It seems to be getting tougher to crack the Hispanic space these days but if you’re going to do it then do it big and do it RIGHT. MySpace Latino’s launch concert on April 11 in Miami is a great example.
If you want to establish your credibility–especially street cred–immediately and unequivocally with today’s Latino, then you have to start on the right foot. It’s all about setting the right tone, and MySpace Latino did that nicely by having as its concert headliner Boricua reggaeton pioneer Tego Calderon. MySpace Latino made a profound statement by kicking off its “Shows Secretos” concert series with a black Latino–when was the last time you saw any Hispanic media entity do that? Sure, you had Circo and Beto Cuevas give brilliant, crowd-energizing performances, but Tego was the headliner, and that said it all. The audience responded in kind.
I’ve been a great admirer of Tego and his music for some time. He is a genuine poet and accomplished musician but what has also struck me about Tego is that in a Latin entertainment world often dominated by the light-skinned, the blond and the blue-eyed, Tego unabashedly and proudly talks about his Afro-Latino heritage and essence. With Tego it’s all about being authentic. And there’s no doubt that his fans, and young Latinos in general see this.
When Hennessy cognac decided a few years ago to take its personality-driven “Never Blend In” advertising campaign Hispanic, it was absolutely critical that it maintained the essence of the campaign. The Hispanic celebrities selected had to be genuine and also had to be perceived as authentic and independent innovators. So Hennessy selected Tego as its first Hispanic personality (and it wasn’t like they were jumping on the reggaeton bandwagon because it was before “Gasolina” hit the airwaves). The Hennessy brand was a pioneer in its selection of Tego as much as Tego himself is a reggaeton pioneer. After all, Hennessy had been using the images of such iconic and independent-minded individuals as Marvin Gaye and Miles Davis for its general market efforts. Hennessy hit a home run with Tego, and now so has MySpace Latino.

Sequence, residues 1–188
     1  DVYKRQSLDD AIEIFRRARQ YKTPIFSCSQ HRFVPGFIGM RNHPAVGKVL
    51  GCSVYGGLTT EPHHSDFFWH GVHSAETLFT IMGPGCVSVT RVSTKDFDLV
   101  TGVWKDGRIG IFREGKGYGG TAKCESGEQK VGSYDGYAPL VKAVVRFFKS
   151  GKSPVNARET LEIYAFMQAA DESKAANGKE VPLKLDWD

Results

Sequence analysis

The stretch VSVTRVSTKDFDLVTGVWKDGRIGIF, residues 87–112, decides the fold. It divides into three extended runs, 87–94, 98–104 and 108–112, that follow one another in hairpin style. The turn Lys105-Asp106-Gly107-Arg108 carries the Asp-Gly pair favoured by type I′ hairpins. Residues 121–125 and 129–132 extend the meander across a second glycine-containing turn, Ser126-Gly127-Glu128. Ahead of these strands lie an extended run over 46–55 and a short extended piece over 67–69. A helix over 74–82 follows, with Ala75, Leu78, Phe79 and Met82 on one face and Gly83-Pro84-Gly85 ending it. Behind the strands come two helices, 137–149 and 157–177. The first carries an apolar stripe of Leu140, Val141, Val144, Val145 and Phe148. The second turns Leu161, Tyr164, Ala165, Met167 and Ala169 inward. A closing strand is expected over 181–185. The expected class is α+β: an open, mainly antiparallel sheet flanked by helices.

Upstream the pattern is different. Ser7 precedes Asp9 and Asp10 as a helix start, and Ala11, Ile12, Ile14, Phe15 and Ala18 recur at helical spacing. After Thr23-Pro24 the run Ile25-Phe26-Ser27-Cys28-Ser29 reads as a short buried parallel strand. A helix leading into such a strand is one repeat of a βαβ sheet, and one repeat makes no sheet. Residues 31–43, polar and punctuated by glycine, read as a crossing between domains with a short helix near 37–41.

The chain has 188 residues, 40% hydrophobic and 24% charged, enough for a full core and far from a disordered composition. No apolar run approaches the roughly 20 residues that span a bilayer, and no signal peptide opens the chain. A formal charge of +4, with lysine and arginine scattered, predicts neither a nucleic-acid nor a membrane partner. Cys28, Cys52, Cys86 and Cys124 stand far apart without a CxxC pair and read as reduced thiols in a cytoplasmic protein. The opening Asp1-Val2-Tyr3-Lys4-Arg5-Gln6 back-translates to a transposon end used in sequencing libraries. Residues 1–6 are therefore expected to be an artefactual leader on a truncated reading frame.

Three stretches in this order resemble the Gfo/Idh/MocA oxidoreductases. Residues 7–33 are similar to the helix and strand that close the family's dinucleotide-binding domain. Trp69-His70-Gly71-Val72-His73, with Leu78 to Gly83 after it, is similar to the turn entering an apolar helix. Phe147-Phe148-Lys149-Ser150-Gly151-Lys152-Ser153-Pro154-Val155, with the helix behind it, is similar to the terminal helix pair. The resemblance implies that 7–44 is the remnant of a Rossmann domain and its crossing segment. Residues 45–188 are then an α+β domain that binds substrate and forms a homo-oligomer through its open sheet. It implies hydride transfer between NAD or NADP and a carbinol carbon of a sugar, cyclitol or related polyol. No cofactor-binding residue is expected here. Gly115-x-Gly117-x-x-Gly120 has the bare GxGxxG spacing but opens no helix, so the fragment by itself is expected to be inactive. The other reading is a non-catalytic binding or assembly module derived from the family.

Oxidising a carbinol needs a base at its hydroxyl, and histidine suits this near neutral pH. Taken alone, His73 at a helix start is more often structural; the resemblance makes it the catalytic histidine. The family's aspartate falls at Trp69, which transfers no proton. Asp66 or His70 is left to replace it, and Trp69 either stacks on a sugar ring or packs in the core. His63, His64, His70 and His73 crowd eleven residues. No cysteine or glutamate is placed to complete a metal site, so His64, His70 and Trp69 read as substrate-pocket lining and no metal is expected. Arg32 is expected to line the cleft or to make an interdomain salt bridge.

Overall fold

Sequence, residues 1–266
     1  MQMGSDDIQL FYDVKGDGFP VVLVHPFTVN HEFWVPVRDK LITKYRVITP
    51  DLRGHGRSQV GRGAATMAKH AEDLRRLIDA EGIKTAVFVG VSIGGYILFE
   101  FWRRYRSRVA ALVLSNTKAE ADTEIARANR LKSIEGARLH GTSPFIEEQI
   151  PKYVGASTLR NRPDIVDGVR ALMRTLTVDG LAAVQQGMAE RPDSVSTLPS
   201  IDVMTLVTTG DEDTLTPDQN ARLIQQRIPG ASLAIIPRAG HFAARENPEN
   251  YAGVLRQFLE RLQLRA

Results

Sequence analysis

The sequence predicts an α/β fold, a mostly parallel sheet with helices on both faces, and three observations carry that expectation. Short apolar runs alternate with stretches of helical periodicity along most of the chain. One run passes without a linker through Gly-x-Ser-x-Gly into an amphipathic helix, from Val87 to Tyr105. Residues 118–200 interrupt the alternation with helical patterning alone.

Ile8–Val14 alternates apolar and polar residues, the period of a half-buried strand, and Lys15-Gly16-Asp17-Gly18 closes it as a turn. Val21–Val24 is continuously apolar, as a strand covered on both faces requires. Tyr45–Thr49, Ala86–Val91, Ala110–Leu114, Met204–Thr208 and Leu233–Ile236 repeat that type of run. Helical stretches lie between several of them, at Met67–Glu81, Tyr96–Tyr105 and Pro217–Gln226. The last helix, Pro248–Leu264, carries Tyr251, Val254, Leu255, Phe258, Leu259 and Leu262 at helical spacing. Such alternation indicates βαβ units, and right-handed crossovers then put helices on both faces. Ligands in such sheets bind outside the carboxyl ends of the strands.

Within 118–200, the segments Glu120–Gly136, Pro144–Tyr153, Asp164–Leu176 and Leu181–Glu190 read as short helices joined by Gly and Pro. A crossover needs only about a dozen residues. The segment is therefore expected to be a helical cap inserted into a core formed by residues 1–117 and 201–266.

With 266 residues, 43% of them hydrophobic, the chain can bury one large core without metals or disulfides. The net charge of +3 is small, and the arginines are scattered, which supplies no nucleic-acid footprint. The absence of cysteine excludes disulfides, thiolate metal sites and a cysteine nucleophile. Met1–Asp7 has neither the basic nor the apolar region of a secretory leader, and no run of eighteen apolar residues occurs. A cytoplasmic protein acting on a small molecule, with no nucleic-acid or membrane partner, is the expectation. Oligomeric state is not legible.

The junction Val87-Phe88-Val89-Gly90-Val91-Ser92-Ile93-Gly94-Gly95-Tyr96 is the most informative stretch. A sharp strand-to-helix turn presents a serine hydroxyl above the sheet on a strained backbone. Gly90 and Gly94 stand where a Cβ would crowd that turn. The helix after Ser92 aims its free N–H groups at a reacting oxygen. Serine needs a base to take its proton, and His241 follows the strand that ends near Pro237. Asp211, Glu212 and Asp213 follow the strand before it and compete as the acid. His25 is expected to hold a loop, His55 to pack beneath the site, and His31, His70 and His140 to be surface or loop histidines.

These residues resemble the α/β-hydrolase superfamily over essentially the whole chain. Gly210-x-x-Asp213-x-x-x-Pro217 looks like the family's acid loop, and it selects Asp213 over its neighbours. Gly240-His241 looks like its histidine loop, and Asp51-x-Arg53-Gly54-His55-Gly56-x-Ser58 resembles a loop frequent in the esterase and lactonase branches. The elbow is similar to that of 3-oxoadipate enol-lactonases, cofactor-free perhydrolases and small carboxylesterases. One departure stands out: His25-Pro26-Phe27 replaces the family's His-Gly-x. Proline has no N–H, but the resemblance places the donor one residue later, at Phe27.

Not only is Tego seen as the real thing but he really walks the talk. It probably won’t win him a key to the city of Miami but Tego recently told the Miami Herald what he thought of the Magic City: “it can be a little too superficial, and that’s not me.” It’s all about keeping it real. Sure, he performed in Miami but he didn’t lose himself.
MySpace Latino is built from a brand with a formidable equity and tenor, but it needed to launch itself assertively and authentically. It has done that with Tego. I’ve always said this about my favorite media mogul and owner of MySpace, Rupert Murdoch: he doesn’t hire stupid people.